3 Tips For Keeping An Outdoor Workshop Toasty In The Winter

Posted on: 28 November 2016

A outdoor workshop is a great addition to many homes. Building one of these workshops away from the home allows homeowners to work on their various projects without bringing the mess inside the home. These buildings are also great for storing power tools, paint products, and other items. For much of the year, workshops can be comfortable to work in. However, once temperatures start dropping, it may become uncomfortable. Here are three tips for keeping an outdoor workshop warmer during the cold winter months.


Outdoor buildings may not be the first place that homeowners consider insulating but it can be worth it. A well insulated outdoor workshop can be comfortable even in the coldest temperatures. There are plenty of insulation types to choose from for an outdoor workshop. One great choice is spray foam insulation. This type of insulation has a higher R-value, which is a measure of how well a material insulates, than most other types of insulation. The R-value of closed cell spray foam insulation is 6.5 while fiberglass and cellulose range from 3.5 to 3.7. Spray foam insulation ranges in cost from $0.44 to $0.65 per board foot for open-cell spray foam to $0.70 to $1.00 per board foot for closed cell.

Replace The Windows And Doors

One of the biggest areas of air leakage in any building are the windows and doors. Many outdoor workshops are built with inefficient single paned windows and flimsy doors. Replacing the windows and doors in an outdoor building can help keep it far more comfortable when temperatures start to dip. Double-paned windows are the best at keeping warm air in. However they can be pricey, costing between $600 and $800 for a single window. A new door can cost north of $200. For those homeowners who do not want to spend the money on replacing windows and doors, weather stripping can also help keep the space warmer.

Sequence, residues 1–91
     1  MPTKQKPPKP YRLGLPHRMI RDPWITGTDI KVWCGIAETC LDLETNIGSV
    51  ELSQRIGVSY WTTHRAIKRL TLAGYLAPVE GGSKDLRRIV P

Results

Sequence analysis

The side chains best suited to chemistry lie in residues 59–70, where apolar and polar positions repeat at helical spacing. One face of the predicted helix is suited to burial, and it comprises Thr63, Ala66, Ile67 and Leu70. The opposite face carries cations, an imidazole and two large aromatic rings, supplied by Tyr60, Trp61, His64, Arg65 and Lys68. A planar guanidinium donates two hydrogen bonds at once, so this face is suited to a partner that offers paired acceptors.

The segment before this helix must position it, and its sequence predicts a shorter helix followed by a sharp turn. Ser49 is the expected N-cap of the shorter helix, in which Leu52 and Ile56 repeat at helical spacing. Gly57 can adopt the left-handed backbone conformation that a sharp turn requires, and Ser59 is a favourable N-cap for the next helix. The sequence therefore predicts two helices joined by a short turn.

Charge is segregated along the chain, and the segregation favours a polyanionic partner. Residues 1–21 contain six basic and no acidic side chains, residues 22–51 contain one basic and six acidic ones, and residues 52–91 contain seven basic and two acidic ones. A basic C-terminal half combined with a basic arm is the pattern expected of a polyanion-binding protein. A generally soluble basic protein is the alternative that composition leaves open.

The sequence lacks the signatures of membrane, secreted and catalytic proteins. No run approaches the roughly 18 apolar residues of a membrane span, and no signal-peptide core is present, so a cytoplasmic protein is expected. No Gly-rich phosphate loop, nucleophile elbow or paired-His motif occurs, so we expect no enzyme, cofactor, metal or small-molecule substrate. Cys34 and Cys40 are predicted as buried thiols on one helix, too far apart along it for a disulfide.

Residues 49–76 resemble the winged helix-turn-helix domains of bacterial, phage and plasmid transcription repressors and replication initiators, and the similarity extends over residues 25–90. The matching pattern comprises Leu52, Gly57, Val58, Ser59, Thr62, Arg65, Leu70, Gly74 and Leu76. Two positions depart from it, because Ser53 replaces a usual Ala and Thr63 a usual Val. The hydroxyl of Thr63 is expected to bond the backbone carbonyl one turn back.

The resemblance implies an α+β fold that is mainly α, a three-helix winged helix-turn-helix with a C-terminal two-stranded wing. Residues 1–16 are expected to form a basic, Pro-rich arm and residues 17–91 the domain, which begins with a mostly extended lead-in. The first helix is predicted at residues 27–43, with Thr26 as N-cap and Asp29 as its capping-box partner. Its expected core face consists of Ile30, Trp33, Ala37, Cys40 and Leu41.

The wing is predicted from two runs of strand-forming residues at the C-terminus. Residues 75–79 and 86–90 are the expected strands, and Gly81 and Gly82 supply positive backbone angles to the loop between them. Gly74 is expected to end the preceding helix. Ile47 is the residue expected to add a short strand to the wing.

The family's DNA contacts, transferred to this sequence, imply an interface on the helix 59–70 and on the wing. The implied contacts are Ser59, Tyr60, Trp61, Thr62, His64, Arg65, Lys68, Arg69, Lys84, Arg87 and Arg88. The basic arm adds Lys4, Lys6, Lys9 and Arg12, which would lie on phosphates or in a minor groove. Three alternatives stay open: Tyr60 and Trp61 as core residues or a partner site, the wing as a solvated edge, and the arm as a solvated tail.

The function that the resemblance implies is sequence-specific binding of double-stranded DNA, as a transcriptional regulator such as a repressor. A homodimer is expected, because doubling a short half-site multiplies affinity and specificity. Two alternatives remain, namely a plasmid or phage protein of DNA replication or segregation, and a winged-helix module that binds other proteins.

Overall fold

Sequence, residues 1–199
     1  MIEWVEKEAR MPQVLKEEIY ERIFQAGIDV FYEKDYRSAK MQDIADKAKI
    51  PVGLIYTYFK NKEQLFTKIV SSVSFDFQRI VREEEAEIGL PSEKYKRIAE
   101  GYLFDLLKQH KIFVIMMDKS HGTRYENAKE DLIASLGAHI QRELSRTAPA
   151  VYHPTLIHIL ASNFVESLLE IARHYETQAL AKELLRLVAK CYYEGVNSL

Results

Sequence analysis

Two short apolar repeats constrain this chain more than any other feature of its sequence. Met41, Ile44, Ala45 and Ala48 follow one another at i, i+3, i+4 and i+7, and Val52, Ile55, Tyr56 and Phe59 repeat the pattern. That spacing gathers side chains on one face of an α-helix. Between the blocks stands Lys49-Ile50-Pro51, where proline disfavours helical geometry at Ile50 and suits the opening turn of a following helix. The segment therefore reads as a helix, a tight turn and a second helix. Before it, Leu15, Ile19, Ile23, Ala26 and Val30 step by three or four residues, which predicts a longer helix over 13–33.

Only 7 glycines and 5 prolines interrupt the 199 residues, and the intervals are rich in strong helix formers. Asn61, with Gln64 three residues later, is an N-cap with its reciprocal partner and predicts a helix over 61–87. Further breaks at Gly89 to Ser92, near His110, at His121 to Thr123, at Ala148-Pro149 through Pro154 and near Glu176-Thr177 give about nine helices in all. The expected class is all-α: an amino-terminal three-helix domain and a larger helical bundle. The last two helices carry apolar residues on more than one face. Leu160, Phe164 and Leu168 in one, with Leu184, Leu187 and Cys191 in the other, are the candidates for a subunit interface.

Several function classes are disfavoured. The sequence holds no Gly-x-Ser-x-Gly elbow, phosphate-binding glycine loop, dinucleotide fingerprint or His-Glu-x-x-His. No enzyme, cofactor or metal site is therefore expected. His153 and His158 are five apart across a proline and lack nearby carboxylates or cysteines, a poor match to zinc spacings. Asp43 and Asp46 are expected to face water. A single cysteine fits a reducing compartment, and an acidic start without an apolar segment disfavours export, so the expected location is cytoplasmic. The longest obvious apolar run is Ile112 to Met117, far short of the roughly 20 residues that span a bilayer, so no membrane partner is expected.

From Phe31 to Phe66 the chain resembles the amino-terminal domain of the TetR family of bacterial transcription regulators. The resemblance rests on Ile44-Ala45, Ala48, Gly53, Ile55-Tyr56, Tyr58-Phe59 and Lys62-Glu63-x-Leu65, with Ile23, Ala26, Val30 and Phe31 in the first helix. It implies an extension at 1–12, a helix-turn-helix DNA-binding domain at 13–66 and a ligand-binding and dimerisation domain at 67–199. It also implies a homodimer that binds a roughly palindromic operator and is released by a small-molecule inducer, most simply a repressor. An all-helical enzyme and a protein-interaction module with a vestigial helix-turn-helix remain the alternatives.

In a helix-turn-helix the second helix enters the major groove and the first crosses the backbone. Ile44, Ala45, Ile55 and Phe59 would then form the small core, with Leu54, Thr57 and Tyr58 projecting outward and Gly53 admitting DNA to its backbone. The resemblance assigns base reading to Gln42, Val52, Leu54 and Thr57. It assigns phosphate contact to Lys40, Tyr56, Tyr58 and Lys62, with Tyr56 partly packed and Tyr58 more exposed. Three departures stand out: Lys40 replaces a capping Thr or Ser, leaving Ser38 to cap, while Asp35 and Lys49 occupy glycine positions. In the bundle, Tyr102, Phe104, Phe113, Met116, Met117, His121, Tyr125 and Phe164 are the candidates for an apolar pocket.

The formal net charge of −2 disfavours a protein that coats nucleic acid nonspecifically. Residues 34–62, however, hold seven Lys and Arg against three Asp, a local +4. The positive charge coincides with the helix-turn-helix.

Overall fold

Add A Heater

Another way to heat a workshop is just by adding a heater. For cold climates a heater that produces between 50 and 60 BTU's is recommended. The cost of a heater for a workshop can vary depending on whether or not it needs to be professionally installed as well as the overall size of the workshop though most homeowners can expect to spend a few hundred dollars.

Keeping warm in an outdoor workshop can be difficult during the winter months. Adding insulation, replacing the windows and doors, and adding a heater are all things that can help make a workshop comfortable to work in when temperatures drop. For more information, contact companies like Philo Insulation Co.


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